It is a reasonable inference that a necessary effect of the regulation and the knowledge it conveys will be to encourage some women to carry the infant to full term, thus reducing the absolute number of late-term abortions. The medical profession, furthermore, may find different and less shocking methods to abort the fetus in the second trimester, thereby accommodating legislative demand. The State’s interest in respect for life is advanced by the dialogue that better informs the political and legal systems, the medical profession, expectant mothers, and society as a whole of the consequences that follow from a decision to elect a late-term abortion.” From Justice Kennedy’s Majority Opinion in Gonzales v. Carhart
The New Jersey case, Acuna v. Turkish, may not make it to the U. S. Supreme Court, although her lawyer says that he will file for certiorari, but a similar case from South Dakota might. In the latter case, it is a law passed by the state legislature that requires physicians to make the statements that Rose Acuna wanted her doctor to make. The South Dakota case will raise the constitutional questions that the New Jersey court was able to avoid, including questions about free speech and the extent to which the Gonzales case has gutted the Casey decision. Justice Kennedy seems to give great weight to the fact-finding judgments of state legislatures, even when they are clearly biased and one-sided. If the court acknowledges the procedural validity of the South Dakota legislature’s finding that it is a biological “fact” that an embryo is a member of the species homo sapiens and thus a human being, who is the Supreme Court, under Kennedy’s rationale, to dispute it.
I have had pro-choice obstetricians and abortion providers tell me that, medically, when a woman is pregnant, there are two patients, the woman and the embryo or fetus or unborn child. Any treatment of one must be balanced against the risks to the other. This is not remarkable. The anti-choice folks are trying to slide from this, using sleight of words, to saying that the fetus is a separate human being, a member of the species homo sapiens, that abortion is murder and that the 14th Amendment must prohibit it. This is not a new argument, but it has been updated with arguments that the unique DNA of the fetus means that the fetus is a unique human being. This, Rose Acuna argued, she needed to know before she was able, as a woman, to make an informed decision.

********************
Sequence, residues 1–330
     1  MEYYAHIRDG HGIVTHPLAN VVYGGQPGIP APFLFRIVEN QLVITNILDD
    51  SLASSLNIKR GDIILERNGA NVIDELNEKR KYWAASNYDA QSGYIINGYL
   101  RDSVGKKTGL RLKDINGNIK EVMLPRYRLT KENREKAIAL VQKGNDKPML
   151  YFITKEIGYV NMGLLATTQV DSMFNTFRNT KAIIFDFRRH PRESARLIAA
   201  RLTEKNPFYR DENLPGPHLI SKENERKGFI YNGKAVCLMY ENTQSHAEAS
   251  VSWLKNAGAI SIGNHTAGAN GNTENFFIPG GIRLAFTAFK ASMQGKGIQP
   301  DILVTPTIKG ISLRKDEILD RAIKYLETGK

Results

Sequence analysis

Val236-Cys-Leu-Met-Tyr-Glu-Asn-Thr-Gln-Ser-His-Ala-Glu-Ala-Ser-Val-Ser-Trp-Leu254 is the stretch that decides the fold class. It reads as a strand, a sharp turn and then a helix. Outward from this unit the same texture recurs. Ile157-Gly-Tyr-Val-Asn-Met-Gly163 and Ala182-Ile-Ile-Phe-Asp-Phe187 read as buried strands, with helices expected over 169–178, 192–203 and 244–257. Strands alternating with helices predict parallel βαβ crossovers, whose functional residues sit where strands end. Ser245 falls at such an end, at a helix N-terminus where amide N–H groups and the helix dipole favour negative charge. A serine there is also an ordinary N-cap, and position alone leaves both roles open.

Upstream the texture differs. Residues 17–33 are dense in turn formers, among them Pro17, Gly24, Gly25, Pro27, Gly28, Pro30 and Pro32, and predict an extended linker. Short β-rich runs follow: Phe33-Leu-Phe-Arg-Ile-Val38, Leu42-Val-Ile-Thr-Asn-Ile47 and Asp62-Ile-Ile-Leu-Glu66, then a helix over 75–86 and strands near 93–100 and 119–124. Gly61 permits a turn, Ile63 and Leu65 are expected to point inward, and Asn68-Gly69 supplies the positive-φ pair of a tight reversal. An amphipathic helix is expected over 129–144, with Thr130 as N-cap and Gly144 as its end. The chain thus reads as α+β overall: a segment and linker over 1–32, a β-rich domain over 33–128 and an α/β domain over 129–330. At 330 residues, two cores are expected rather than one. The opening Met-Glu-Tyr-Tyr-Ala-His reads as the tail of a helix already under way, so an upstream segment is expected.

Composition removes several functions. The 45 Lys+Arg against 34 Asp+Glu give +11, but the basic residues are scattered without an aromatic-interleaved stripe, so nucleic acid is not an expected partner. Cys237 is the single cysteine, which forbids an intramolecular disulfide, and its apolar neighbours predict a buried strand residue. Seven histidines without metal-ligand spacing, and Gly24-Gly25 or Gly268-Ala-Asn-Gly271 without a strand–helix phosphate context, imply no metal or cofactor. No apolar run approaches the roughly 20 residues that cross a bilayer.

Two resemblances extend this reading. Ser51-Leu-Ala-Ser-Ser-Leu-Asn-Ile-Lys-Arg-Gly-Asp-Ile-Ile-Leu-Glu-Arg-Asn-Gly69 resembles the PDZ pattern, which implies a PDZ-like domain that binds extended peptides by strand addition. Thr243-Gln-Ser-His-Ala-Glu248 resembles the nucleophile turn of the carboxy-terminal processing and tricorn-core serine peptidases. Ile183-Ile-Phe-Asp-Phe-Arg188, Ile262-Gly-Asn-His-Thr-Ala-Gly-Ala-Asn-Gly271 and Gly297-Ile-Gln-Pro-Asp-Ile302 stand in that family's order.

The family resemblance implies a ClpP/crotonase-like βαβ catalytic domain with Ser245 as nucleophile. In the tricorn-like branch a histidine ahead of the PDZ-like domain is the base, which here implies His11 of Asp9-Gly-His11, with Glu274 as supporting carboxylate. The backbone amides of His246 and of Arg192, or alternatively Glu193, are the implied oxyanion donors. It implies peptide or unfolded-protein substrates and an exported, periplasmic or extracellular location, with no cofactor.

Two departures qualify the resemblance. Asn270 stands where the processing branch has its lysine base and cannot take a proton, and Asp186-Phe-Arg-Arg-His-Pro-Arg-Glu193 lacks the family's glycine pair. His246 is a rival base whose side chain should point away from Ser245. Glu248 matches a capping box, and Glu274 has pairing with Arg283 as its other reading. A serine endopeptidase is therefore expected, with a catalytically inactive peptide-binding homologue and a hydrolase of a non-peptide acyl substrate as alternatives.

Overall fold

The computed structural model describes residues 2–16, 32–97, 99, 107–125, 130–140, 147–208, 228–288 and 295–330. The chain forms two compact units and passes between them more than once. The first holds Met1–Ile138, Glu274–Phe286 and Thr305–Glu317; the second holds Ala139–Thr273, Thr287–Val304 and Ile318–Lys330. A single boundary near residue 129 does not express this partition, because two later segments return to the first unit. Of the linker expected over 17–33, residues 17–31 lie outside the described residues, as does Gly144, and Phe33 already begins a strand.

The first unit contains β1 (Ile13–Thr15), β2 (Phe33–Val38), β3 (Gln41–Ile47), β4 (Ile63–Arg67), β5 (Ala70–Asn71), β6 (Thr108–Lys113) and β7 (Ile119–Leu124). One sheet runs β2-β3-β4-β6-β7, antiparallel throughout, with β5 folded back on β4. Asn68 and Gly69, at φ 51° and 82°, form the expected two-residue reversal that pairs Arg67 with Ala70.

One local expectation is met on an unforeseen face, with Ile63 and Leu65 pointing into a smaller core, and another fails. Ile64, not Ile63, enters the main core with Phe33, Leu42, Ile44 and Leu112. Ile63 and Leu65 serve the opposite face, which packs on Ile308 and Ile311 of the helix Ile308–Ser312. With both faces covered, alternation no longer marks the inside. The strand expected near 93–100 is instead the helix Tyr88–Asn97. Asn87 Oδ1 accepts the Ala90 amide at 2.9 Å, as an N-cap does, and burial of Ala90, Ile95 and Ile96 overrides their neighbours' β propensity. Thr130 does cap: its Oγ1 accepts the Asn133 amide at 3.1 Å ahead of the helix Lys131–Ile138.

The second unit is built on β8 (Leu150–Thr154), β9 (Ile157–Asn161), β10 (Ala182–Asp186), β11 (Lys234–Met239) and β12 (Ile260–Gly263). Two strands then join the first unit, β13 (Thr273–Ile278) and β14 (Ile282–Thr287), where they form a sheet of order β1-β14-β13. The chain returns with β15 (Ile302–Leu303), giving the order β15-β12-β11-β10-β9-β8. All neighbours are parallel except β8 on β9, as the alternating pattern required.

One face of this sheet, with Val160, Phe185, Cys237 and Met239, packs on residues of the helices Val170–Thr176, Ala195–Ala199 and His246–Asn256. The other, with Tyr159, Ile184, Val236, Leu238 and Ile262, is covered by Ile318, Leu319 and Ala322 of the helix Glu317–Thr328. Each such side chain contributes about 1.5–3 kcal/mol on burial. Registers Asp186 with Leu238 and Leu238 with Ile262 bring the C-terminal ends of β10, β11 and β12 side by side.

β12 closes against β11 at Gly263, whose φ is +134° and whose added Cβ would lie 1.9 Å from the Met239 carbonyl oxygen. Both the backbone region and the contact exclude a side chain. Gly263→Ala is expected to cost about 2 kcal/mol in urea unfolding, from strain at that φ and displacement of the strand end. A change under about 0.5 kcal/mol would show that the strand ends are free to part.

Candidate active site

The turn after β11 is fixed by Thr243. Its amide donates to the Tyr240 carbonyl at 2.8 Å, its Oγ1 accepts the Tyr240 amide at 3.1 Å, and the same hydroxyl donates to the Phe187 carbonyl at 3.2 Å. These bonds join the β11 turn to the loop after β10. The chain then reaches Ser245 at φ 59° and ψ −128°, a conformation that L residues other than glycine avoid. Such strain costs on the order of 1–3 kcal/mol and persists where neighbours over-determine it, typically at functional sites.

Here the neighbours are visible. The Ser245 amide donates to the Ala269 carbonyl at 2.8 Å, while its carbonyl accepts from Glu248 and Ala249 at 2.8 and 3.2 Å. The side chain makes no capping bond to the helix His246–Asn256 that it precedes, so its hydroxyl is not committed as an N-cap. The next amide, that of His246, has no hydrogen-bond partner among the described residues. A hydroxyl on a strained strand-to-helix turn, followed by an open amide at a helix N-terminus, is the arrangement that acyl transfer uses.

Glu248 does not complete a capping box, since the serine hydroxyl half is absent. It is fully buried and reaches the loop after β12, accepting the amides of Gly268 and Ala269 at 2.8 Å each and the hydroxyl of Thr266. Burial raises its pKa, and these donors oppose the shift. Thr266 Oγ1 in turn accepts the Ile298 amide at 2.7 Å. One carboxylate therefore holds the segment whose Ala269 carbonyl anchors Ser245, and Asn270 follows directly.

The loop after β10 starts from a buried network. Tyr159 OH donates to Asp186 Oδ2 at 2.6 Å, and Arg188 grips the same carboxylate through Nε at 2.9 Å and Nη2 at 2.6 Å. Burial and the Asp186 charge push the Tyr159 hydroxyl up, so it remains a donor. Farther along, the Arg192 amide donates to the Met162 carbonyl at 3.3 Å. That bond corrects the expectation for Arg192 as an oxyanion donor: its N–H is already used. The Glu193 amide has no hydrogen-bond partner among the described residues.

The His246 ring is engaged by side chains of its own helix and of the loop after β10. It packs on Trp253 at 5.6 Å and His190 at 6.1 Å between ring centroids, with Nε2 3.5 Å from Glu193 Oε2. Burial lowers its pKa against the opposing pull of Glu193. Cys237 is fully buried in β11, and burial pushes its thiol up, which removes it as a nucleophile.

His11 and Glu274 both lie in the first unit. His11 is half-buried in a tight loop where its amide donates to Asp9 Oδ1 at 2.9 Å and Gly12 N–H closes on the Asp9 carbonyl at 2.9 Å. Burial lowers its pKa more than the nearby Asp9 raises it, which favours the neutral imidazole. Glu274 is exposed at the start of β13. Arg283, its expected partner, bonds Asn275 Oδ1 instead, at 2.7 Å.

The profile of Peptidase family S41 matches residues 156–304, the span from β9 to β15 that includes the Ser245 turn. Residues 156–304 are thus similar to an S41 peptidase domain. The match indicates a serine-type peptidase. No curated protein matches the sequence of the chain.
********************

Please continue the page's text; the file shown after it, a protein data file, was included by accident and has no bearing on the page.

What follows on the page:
In Gonzales, the Supreme Court upheld the ban on an abortion procedure without making an exception for the woman’s health. It thus ruled that states could enact restrictions on abortion to protect a woman’s mental health, while putting at risk her physical health – an interesting calculus that we have not seen the last of. Small cases that nibble around the edges of Casey, like Rose Acuna’s, will continue to rise and probably be decided in favor of ideology and morality, posing as medicine, at least if the abortion restrictions are enacted, after kangaroo hearings, by a state legislature or Congress. We can hope that not too many of these cases get to the Court until its make-up changes.